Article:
Those undeniable successes are followed by tactical outcomes that bring about major operational mode changes in Sahel. A mutual trust is being established through joint missions and shared decisions. In this case, the regional will of defeating Islamist-terrorists threat is taking shape through the success of such delicate and difficult operations, requiring extremely short decision-making process. An authentic strategic command network established between the different flag officers of the area, whether they are French or a citizen of Sahel G5. In order to secure its borders, Chad got involved in in the creation of joint security forces with its neighbors: first with Sudan, then with neighboring countries of Lake Chad in 2012. Sahel G5 countries benefit from this collaboration. Mauritania formed a human curtain facing the Algeria-Mali border, counting around 35 compulsory crossing points (including markets, wells, intersections). Mauritania's national strategy for combating terrorism enabled the country to be at the forefront in the collection of information about those devoted to the jihadism in West Africa. By acquiring a seven helicopters and 5 air crafts air fleet, Niger made tremendous signs of progress in air combat and was able to back up France which sallied a hundred or so times from July 8th to July 15th, 2015, 26 of which were combat sorties.[10] Results produced go beyond Sahel G5: from 2015 onwards, France and Nigeria strengthened their cooperation, in concert with the United States, against Boko Haram. France used air crafts and drones to perform aerial reconnaissance[11] in north eastern Nigeria to enhance military intelligence. Diffa-based French soldiers, in south-eastern Niger, helped secure frontiers between both countries.

Finally, the situation report on Barkhane takes on an intellectual aspect since the operation stems from a process assumed -despite himself?- by François Hollande, convinced that “Françafrique” was definitely unavoidable while the threat of terrorism and the migration risk were still in the news. Good governance, sustainable development and reconstruction of States were matters that had to be temporarily overlooked: UN or the EU were left in charge of such matters, for more limited yet more realistic security objectives. Whether or not this change was chosen, it took place, and both the American counterinsurgency strategy and the global view, prevailing since the 1990s, have been eclipsed. Due to this recent understanding of the Sahelian complexity, all illegal flows (drugs, fuel, cigarettes...) present in the zone were not stopped; gunrunning and human trafficking are the main focus. If all traffics were to be blocked, then pauperisation and resentment from the populations would be even stronger. There lies the dilemma of an age-old transit: the State does not define the line between licit and illicit; the frontier is “drawn” by imperative for survival. Though this intellectual process had started before 2012 events, France having saved IdrissDeby's government in 2008, in spite of its dictatorial nature.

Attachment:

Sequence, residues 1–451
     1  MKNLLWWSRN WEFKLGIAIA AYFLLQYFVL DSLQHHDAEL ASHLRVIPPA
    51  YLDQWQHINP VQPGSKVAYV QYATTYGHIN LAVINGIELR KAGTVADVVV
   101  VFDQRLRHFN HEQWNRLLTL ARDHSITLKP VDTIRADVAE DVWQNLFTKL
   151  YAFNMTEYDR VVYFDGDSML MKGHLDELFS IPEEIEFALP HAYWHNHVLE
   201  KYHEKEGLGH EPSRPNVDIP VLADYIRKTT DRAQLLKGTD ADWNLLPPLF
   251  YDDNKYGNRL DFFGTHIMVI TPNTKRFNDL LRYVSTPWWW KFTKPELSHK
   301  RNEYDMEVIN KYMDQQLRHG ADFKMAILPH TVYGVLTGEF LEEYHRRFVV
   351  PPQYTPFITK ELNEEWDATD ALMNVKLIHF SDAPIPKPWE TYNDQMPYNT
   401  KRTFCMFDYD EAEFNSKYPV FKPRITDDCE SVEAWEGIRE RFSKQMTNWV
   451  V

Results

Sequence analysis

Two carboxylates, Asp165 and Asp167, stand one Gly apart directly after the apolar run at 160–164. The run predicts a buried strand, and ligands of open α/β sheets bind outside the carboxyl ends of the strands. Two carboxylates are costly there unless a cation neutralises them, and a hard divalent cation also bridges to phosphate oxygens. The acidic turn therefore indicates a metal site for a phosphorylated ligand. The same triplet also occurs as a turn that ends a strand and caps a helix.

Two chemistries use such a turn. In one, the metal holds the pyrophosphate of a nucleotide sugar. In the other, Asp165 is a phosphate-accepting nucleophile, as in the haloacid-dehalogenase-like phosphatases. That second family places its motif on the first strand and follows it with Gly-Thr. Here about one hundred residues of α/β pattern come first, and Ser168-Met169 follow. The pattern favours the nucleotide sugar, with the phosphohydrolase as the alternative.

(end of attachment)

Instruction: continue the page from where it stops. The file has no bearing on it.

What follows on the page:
After what happened in Mali, geostrategy now prefers promoting efficiency over theoretical ideal and large plans of modernization of Africa coming from outsiders and influenced by societal changes, perceived as a way of westernizing the continent. From 2014 onwards, France and Sahel G5 have been developing new alternatives – pragmatism and consistency – to populations' clean profit.

Strategic development of armed groups

2013: the flight of jihadists

Operation Serval drove armed terrorist groups out of Azawad within a few weeks. In August 2013, leaders of the organization MOJWA (Movement for Oneness and Jihad in West Africa, gathering together Fulani and Songhai people) and of “Those of sign with blood” founded by MokhtarBelmokhtar decided to combine their forces (nearly 300 men in total), now known as Al-Mourabitoun.

Serval allegedly neutralized between 600 to 1,000 jihadists: those who were not arrested or killed tried to blend in with the population. The others, along with their leaders, fled to Kabylia or to Ubari, Lebanese capital of smuggling and sales of weaponry. Among the Lebanese chaos, jihadists found a shelter where they could reconstitute, hire and rearm themselves with ease. They also established contacts with Tunisian and Lebanese terrorists going to Syria and Iraq on behalf of Jihad, they trained in their camps and they shared information and strategies. Because they left the Malian scene, Al-Mourabitoun's men launched several attacks in May 2013 in Niger: in Agadez against soldiers, in Arlit against Areva and in Niamey. Belmokhtar was barely ousted of Mali when he promised in January 2013, a large-scale operation in In Amenas, 1,500 km away from his bases.

From 2013 onwards, the situation in Mali stabilized despite a concerning number of displaced persons and refugees. From June 2013 to January 2014, terrorist attacks slowed down due to operations deployed by French forces to secure the area. In November, AQIM manifested once again through the murder of two journalists in Kidal, though the movement could no longer assure an efficient guerrilla. The insecurity was particularly linked to the actions led by the MNLA against the Malian army.

Redeployment (2014-2015)

Armed terrorist groups still managed to survive and to quickly adapt by following a “deprofiling” strategy that started in 2013 and was proven effective by the following year. AQIM gave up on extending its territory, preferring to hide within the population or remain unseen in refuge zones, out of reach of the State. Jihadists move from one place to another alone or along with a small group, disguised as shepherds or driving on motorcycles, avoiding over-armed Katiba grouping (military camps located in North Africa or in Sahel). They can be seen crossing the desert from Libya, driving over 100kph the last Japanese ATV on dangerous roads, all fitted with GPS and fuel jerrycans.